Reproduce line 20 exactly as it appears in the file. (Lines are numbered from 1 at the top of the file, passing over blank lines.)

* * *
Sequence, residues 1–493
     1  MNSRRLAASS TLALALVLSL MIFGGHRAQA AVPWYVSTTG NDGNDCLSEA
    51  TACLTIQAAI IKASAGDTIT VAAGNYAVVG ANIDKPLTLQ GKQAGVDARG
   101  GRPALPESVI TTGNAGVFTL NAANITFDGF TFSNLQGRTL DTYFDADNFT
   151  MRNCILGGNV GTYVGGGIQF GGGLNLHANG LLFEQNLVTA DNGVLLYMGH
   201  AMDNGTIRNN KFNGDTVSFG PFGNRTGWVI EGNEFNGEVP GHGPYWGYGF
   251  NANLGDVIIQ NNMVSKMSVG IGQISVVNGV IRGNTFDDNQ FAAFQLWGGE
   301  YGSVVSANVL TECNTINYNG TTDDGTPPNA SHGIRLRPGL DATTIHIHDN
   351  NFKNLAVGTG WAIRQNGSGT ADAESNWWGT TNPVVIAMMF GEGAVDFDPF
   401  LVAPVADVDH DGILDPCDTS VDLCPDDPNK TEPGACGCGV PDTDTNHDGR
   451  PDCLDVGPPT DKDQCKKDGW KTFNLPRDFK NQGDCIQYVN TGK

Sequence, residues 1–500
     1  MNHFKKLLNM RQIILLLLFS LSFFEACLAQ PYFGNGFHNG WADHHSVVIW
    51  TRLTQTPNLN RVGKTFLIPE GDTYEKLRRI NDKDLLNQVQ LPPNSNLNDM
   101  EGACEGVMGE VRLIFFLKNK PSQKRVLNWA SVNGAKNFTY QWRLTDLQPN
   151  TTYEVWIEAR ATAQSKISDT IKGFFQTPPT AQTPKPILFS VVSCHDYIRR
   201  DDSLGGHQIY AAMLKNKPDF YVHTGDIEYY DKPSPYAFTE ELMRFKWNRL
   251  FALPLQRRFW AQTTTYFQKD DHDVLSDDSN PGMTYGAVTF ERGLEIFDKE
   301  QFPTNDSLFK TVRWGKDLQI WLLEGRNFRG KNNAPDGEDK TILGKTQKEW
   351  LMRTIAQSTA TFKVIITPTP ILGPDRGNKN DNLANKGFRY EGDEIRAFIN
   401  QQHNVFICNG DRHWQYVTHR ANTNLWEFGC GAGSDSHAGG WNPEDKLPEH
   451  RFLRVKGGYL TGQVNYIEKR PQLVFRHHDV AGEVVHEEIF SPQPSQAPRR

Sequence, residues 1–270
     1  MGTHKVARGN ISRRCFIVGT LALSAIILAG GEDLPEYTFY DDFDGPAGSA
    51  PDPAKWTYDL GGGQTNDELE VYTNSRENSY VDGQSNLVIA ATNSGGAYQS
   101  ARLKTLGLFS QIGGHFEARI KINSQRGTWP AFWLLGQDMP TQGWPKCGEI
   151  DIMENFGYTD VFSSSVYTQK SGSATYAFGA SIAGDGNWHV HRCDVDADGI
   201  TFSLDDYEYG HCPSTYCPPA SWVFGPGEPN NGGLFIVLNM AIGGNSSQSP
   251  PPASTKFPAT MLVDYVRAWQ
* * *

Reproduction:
   351  LMRTIAQSTA TFKVIITPTP ILGPDRGNKN DNLANKGFRY EGDEIRAFIN